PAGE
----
A legal bid to block badger culling in England has failed in the High Court.
The government says that culling will help combat cattle tuberculosis, which costs the UK more than £100m per year.
The Badger Trust argued that the cull was illegal, as it will at best make a small impact on the disease and could make it worse.
Culling is now likely to go ahead later this year in west Gloucestershire and west Somerset, with as many as 40 sites to be licensed eventually.
Badgers become infected with the bacteria that cause bovine TB, and can carry them from farm to farm, although more cattle contract the disease from contact with infected herds.
Plans to begin culling in Wales were recently abandoned in favour of a vaccination policy following the change of Welsh Assembly Government last year.
At the High Court hearing in London last month, the Badger Trust argued that the cull plans drawn up by the Department the Environment, Food and Rural Affairs (Defra) were illegal on several grounds .
Badgers are generally protected under UK law, but exceptions are allowed for disease prevention.
The trust's lawyers argued that that the small reduction in cattle TB incidence anticipated by government scientists did not qualify as "prevention".
The government does not set a specific target for the percentage reduction in cattle TB incidence it expects to see, but the latest evidence suggests that nine years after culling, incidence might fall by 9-16%.
Scientific evidence, stemming mainly from the UK Randomised Badger Culling Trial (RBCT) , shows that culling can actually spread the disease, as it disturbs badgers' family groups and makes them roam further afield, coming into contact with more herds.
The government acknowledges this, but believes its culling strategy will get round the problem.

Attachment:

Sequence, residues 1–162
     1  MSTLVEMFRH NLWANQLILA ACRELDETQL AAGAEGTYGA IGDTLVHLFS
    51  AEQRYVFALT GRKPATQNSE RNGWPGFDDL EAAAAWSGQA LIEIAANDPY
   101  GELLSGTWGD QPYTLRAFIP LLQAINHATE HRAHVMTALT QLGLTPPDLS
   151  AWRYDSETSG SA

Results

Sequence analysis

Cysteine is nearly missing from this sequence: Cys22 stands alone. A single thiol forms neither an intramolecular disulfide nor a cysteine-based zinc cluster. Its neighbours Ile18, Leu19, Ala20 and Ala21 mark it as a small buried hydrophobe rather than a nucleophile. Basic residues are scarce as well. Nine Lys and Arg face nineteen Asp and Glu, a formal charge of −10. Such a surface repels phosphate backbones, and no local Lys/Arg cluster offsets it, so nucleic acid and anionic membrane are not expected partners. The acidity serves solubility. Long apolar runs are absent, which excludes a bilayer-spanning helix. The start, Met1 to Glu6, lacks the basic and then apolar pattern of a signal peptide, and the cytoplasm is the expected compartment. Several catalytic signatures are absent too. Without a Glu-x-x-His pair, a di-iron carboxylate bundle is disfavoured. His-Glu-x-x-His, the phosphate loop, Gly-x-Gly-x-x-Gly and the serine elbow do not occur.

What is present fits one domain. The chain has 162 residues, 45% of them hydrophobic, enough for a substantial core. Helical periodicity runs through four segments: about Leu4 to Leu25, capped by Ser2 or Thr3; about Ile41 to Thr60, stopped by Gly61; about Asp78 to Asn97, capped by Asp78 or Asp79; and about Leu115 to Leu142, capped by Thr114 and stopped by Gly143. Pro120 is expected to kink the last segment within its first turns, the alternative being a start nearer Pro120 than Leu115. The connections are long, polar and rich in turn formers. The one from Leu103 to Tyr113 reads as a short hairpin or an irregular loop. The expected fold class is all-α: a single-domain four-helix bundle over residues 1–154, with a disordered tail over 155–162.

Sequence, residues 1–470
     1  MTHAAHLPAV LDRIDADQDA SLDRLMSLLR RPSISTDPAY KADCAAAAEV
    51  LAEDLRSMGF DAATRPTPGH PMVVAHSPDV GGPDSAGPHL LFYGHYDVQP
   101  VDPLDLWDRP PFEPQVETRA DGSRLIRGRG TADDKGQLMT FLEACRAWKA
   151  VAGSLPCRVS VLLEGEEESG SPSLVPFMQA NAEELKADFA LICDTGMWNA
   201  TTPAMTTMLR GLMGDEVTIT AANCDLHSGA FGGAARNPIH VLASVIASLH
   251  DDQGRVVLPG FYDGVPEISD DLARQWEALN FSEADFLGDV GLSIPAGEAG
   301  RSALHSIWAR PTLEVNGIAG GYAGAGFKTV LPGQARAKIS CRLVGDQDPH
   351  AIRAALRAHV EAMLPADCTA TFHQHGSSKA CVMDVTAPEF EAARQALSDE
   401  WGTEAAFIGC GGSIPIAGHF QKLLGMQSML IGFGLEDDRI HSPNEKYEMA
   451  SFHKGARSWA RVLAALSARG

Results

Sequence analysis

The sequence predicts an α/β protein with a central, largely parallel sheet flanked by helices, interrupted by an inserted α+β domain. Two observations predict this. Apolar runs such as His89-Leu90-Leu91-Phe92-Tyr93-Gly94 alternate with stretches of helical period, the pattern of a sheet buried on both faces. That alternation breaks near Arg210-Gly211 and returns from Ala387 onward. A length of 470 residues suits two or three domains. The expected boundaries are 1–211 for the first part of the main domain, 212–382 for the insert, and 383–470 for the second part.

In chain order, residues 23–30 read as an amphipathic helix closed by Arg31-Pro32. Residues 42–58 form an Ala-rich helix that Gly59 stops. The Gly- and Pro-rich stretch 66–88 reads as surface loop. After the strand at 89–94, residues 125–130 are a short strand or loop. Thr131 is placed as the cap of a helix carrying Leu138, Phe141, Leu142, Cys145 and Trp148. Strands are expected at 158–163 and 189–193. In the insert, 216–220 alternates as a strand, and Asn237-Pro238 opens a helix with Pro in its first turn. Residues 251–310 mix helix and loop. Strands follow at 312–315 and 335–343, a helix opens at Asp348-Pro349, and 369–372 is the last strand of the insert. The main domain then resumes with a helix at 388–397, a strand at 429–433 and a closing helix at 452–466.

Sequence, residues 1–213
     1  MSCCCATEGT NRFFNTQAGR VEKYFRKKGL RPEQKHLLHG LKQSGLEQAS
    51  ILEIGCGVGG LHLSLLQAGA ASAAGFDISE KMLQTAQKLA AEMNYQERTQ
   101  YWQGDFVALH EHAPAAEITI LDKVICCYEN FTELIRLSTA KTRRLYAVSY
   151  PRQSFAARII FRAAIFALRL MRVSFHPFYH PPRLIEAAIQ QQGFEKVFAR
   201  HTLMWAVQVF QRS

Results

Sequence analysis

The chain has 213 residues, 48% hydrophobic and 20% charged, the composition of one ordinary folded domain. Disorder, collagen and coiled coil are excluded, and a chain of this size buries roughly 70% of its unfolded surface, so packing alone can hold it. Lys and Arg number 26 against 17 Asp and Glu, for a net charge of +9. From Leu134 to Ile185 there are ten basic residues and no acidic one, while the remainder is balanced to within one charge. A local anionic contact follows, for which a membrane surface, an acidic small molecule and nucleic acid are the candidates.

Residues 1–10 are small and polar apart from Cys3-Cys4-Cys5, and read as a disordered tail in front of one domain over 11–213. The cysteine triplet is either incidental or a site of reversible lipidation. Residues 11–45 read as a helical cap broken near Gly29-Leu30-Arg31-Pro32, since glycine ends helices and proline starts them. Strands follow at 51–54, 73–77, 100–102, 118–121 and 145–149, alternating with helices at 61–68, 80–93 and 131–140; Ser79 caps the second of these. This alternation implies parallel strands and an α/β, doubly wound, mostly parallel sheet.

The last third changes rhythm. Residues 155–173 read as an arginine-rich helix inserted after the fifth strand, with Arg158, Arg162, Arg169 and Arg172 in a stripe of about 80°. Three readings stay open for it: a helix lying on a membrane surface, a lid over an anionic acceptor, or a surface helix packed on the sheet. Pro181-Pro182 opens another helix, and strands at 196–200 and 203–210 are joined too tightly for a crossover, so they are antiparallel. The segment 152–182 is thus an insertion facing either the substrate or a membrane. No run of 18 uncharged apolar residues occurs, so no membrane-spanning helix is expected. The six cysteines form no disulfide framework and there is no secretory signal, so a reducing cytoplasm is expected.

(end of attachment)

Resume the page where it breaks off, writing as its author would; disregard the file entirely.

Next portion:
The trust also argued that the plan to have culling licences issued by Natural England was outside the law, and that the only person authorised to issue them was the Environment Secretary - currently Caroline Spelman MP.
In his judgement, Mr Justice Ouseley ruled against the trust on both counts.
"Although the Secretary of State has tried to interpret the science to her advantage, nothing has altered the basic finding that while badgers are implicated, killing them can make no meaningful contribution to tackling the disease, and cattle measures in themselves are sufficient if properly applied," said Badger Trust chairman David Williams.
"We did not embark on this litigation lightly; and England now faces the prospect of 40,000 badgers being slaughtered over the next four years."
Costing the cull
The trust also raised issues regarding cost.
The government says that cull areas must be at least 150 sq km in size, and the groups of landowners and farmers applying to cull must show they can access at least 70% of the land.
The groups will employ trained marksmen to shoot the badgers as they roam - so-called "free-shooting".
The effectiveness of free-shooting badgers has never been studied. In the RBCT, they were trapped in cages and then shot.
The trust pointed out that if free-shooting proves ineffective, farmers may have to resort to trapping - which would increase costs approximately 10-fold.
The government said it was pleased with the judgement.
"No one wants to cull badgers, but last year bovine TB led to the slaughter of over 26,000 cattle," said a Defra spokesman.
"To help eradicate the disease, it needs to be tackled in badgers.
"We will continue to work with the farming industry so badger control in two pilot areas can start as soon as is practical."
Natural England is currently processing the Somerset and Gloucestershire applications.
The judge left the option of a written appeal open to the trust, and it has a week in which to decide whether or not to pursue that avenue.
Humane Society International has mounted a parallel challenge through the EU, arguing that Defra's plans contravene the Bern Convention on protection of wildlife.